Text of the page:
You know that a payments company moves money from one place to another, enabling customers to seamlessly make and manage payments. But you probably don’t know the technical in’s and out’s of how it's done — and it’s a lot more interesting than you might think!
We’re proud to have a highly skilled and seasoned technical team here at Ixaris who has pioneered building robust, innovative payment technologies for almost 20 years. Their pooled payments knowledge is extensive, and they are ready to share it with the world.
To help them do just that, we are launching a new Payments IQ series on our blog to share payments insights penned by our talented team. In the first instalment of our Payments IQ series, our Head of Site Operations Adrian Cuschieri explains how his team revamped our continuous integration practices to raise the bar for building better code quickly — without compromising quality.
Scaling up for success
Code is the foundation of our products, and Ixaris’ engineering team’s main objective is to produce top-quality code while responding to the fintech industry’s accelerating pace of development.
Imagine a factory where different teams build different parts of an engine at the same time. Those teams would need to come together frequently to exchange parts, test that each of their pieces fit together and works as intended, etc. Software development teams work in much the same way.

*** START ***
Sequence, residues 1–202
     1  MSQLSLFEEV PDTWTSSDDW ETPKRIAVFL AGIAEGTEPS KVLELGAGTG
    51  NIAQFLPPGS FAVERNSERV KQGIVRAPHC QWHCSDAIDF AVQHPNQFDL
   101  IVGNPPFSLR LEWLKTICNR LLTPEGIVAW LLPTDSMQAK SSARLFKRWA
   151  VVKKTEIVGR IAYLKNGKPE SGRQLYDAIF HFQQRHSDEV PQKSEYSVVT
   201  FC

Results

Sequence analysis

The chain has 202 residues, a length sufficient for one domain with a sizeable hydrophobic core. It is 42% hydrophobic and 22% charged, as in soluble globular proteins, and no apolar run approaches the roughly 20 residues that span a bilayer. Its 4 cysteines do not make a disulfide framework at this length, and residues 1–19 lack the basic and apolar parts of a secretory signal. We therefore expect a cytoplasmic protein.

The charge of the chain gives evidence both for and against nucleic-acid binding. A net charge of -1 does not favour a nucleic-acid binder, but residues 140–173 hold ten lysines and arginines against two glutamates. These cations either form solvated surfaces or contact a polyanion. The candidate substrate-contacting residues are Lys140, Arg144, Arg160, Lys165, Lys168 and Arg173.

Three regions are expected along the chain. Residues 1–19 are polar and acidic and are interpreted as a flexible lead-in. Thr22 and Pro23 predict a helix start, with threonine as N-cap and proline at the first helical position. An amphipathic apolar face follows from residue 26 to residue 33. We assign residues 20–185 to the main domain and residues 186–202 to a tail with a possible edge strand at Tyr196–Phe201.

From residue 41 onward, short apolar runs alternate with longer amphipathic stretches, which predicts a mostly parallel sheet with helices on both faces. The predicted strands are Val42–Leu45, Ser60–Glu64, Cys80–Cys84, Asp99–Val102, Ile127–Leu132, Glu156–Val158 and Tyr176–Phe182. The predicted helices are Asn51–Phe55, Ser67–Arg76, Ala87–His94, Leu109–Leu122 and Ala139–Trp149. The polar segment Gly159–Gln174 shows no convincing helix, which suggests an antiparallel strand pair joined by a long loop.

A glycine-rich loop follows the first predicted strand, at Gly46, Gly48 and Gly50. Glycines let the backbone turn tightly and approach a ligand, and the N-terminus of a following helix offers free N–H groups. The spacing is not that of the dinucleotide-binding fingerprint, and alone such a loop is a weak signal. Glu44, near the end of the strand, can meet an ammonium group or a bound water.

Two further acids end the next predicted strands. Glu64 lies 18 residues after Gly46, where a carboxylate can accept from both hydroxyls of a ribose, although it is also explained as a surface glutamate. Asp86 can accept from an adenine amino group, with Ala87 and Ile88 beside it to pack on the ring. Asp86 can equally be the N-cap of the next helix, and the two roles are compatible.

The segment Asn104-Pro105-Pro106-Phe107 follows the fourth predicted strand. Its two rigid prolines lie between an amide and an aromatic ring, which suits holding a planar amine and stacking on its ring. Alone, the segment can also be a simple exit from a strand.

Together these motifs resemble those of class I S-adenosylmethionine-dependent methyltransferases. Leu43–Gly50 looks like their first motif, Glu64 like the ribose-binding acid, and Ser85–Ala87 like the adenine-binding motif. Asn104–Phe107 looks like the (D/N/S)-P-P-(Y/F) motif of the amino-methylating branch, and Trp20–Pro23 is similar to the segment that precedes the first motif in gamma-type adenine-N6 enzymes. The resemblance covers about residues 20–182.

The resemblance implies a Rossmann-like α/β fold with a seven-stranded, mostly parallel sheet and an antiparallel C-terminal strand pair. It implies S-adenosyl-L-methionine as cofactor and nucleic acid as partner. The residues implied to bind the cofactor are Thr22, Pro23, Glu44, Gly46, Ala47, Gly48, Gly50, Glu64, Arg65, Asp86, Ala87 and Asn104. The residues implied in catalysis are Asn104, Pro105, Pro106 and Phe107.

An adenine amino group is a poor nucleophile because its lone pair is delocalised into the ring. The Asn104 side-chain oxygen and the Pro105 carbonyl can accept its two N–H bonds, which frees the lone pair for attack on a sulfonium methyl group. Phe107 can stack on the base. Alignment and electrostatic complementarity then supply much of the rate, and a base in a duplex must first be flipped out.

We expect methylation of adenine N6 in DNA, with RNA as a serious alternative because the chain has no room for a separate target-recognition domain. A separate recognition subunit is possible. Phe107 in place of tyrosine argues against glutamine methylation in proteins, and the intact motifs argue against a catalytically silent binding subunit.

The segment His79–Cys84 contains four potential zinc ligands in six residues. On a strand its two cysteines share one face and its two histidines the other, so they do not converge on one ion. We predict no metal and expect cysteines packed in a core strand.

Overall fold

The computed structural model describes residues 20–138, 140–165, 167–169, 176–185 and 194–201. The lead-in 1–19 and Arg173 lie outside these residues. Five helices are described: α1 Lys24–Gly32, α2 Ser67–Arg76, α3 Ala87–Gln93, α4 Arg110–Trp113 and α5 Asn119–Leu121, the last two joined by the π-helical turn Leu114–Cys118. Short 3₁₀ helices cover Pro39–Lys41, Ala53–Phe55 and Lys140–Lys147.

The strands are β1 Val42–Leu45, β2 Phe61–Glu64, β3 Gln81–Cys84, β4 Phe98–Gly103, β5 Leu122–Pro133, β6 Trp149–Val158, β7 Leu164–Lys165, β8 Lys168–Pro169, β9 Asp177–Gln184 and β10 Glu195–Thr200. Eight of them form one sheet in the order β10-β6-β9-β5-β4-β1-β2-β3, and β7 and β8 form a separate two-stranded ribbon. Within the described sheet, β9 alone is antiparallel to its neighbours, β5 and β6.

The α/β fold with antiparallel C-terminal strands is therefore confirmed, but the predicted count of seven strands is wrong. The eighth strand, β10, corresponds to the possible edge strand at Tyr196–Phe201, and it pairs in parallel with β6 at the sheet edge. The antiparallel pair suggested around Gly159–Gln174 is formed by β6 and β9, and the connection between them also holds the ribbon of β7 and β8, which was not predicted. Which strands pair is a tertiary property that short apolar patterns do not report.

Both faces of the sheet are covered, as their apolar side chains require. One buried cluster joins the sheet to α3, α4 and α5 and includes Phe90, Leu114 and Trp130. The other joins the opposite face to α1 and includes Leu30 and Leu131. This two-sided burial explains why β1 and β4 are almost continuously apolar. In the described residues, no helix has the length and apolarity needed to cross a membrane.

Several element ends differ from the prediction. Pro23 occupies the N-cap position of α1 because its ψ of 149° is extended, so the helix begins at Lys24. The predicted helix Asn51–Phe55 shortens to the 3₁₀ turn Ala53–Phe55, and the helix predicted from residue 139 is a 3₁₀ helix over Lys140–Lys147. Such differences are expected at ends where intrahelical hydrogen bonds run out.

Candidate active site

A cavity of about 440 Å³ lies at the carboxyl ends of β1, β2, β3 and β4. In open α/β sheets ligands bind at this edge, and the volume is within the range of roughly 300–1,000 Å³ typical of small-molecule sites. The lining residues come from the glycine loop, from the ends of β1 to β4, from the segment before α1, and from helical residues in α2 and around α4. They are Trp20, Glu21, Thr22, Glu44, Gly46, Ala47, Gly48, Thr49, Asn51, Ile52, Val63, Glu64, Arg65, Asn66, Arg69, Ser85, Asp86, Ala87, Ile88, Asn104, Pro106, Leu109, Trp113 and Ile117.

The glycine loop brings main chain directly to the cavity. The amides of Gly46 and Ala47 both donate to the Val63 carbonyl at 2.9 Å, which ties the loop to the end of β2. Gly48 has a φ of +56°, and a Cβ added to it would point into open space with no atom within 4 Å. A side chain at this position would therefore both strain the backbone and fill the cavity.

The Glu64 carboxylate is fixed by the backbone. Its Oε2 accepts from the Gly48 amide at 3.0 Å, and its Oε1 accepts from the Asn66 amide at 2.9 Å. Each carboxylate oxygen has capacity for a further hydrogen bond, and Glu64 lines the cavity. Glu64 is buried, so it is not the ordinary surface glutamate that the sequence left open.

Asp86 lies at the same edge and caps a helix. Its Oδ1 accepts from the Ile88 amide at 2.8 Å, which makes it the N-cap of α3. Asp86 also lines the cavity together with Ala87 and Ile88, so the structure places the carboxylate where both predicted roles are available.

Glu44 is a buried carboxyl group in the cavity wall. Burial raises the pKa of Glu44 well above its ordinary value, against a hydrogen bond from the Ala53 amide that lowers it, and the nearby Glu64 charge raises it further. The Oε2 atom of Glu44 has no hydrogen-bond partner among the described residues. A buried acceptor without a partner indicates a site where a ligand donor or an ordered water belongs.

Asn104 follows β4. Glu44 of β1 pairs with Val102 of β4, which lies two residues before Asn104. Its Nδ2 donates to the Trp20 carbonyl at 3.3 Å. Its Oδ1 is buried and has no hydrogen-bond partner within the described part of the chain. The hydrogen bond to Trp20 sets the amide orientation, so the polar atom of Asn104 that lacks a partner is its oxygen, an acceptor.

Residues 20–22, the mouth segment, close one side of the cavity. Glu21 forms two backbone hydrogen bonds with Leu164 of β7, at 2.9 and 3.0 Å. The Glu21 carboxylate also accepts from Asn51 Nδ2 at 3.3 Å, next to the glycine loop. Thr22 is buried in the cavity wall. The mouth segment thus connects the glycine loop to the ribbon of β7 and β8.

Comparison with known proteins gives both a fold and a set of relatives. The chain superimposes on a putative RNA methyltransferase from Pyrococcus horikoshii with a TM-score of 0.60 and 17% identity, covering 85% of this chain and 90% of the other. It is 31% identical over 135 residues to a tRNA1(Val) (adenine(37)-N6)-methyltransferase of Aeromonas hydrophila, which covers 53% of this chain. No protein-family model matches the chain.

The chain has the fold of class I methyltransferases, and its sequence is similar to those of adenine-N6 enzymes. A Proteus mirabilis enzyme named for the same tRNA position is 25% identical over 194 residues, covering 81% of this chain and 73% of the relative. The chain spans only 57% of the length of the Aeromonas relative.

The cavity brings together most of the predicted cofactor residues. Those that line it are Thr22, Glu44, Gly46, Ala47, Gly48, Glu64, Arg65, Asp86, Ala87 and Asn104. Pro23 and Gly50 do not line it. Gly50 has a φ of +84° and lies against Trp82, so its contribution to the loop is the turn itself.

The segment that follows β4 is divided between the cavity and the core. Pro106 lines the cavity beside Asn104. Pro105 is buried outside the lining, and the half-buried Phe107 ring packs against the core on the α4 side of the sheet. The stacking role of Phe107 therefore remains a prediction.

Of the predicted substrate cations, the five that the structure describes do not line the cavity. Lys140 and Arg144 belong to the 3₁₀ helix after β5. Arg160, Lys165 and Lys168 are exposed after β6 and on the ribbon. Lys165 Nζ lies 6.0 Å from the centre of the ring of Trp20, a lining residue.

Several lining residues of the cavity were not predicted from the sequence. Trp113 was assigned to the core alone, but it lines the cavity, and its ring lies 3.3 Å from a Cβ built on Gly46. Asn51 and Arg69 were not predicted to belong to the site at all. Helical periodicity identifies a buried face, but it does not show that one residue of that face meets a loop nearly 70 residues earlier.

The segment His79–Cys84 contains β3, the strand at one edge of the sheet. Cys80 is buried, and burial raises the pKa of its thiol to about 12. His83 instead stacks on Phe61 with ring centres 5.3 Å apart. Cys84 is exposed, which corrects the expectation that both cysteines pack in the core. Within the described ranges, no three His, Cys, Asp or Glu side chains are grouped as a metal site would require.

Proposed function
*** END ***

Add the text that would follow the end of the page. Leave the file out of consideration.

At Ixaris, multiple development teams work on different projects using the same code repository. It is extremely important to combine their work frequently to reduce integration problems and allow each team to develop cohesive software faster. To do that, development teams like ours use a software development practice called continuous integration (CI).
In continuous integration, after a developer commits code changes, the software is immediately built and tested using specific tools. However, as Ixaris grew, so did our code size, the size of our test suite, and the frequency of our code commits. This presented real scalability challenges, which is where our Site Operations team enters the picture. Here’s how we revamped Ixaris’ continuous integration process to deliver ultimate scalability that supports our software engineers’ ability to quickly deliver features — without compromising quality.
An open-source solution
Historically, we used Jenkins as our primary continuous integration tool, which orchestrates a chain of automated actions. However, scalability became a challenge with Jenkins. Jenkins has a master node and several worker nodes that jobs can run on. Each of its worker nodes was a virtual machine, which had to be provisioned in advance by one of our System Administrators. The number of worker nodes was fixed, so jobs would queue if all the available workers were busy, eventually delaying the feedback that teams needed after committing a new change in code. We needed a flexible and efficient continuous integration platform that would be: